Electric Door Strikes

Electric Door Strike
European narrow-type electric door strikes ES150KA-3-NO/NC

What is an Electric Door Strike?

An electric door strike is an access control device that allows a door to stay locked, preventing public access. It’s used on door frames and is usually located on the exterior side of the door. An electric door strike replaces a fixed strike faceplate, which you use with a latch (sometimes referred to as a ‘keeper’).

Like a fixed strike plate, an electric door strike usually presents a beveled or ramped surface to the locking latch. This means that the door is able to close and latch as a fixed strike would. The difference is that, when commanded, an electric door strike’s ramped surface can swing out of the way when the door opens while in a locked position. This allows the user to push or pull the door open without having to either use a physical key or operate the mechanical lock. The keeper goes back to its normal position once you open the door past the keeper. It then relocks when you apply or remove power, depending on the configuration of the strike.

There are three configurations of electric door strikes –

No. 1: Fail-Secure

Some refer to the fail-secure electric door strike as a ‘non-fail safe’ or ‘fail-locked’ electric door strike. Applying an electric current to this configuration will cause it to unlock. During a power failure, the strike would stay locked with this configuration. Yet, you would still use a mechanical lock to open the door from the inside, providing a way out from the secure side.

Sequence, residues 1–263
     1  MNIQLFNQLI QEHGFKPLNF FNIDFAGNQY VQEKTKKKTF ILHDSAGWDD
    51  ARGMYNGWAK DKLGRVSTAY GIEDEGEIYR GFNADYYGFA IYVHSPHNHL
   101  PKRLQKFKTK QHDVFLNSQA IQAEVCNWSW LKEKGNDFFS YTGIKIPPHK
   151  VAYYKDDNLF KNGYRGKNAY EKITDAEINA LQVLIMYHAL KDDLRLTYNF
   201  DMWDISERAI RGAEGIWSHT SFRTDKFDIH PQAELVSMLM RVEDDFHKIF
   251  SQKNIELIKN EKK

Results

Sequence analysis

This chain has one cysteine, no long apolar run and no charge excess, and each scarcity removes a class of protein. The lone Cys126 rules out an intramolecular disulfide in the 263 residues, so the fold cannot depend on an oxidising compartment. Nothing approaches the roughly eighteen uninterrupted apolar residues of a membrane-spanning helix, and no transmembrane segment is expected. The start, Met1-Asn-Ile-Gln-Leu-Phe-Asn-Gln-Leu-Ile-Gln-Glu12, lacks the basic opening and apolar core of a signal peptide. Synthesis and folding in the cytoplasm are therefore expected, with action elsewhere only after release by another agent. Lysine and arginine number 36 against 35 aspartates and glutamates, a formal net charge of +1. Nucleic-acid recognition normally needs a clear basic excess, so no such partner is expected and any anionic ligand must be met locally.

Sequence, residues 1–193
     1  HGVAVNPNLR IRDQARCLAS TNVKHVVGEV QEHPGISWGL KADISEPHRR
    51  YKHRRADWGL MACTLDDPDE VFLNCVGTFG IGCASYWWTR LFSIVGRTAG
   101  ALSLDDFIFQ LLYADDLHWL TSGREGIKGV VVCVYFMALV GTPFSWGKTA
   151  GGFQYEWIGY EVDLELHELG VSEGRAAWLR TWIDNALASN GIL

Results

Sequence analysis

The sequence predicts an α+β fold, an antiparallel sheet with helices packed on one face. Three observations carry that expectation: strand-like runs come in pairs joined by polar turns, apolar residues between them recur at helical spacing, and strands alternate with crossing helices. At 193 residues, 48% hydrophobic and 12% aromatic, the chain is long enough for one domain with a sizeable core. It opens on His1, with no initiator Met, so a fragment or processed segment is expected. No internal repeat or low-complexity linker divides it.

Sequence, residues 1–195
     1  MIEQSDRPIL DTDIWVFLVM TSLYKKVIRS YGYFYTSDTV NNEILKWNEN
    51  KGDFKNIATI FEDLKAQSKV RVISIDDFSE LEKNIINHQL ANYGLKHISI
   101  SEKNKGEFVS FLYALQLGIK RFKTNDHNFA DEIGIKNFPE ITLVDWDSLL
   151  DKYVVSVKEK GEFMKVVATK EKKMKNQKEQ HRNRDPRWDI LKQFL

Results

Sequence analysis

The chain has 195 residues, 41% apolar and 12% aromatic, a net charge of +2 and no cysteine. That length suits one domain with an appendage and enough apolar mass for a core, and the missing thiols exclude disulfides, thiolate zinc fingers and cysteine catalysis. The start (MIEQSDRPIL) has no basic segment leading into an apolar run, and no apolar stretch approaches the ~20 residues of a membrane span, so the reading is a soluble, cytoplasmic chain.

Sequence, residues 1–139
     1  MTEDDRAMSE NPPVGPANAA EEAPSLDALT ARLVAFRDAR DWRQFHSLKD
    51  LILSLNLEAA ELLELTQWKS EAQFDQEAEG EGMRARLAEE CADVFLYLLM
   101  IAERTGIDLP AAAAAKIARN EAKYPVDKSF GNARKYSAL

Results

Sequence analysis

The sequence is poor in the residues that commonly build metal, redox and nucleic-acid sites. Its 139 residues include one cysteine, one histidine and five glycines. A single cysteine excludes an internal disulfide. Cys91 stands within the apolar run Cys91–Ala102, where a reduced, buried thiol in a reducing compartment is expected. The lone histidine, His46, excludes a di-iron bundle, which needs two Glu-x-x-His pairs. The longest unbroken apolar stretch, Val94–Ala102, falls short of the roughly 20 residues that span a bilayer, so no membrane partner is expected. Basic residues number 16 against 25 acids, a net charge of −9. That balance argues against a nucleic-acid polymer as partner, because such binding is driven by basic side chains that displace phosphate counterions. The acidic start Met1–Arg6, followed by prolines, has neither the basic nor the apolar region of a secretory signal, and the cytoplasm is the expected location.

You can power these units using DC power, which is a silent operation except for a ‘click’ while the unit powers up; or by an alternating current that causes the unit to buzz.

No. 2: Fail-Safe

Many refer to the fail-safe electric door strike as a ‘fail-open’ electric door strike. Applying an electric current to a strike with this configuration will cause it to lock. This configuration works exactly the same as a magnetic lock would work. During a power failure, the user can open the door by either pushing or pulling it.

We’re now seeing a new trend in electric door strikes and this is a strike that reverts from fail-safe to fail-secure (and vice versa) when needed. While some manufacturers need the solenoids to open, others allow the function to reverse in less than 10 seconds. Achieve this by moving two external screws, or a mechanical unlocking accessory that’s easily accessible when the door is open. This is the same principle used with child safety locks you see installed on car doors.

No. 3: Hold-Open

With a hold-open electric door strike, you’re applying an electric current to the strike. This causes the strike to unlock, and stay unlocked until used. The hold-open electric door strike goes back to its normal locked position once you use the strike. Our customers use this type of strike in a range of industrial, commercial, and residential applications. The hold-open function provides easy usage because both the powering and opening of the strike don’t require precise synchronization.

Today we’re also seeing electric door strikes equipped with buzzers; this allows someone outside to hear when the door is open. When you have a DC-powered strike you can add a buzzer accessory to create the buzzing sound if you need it.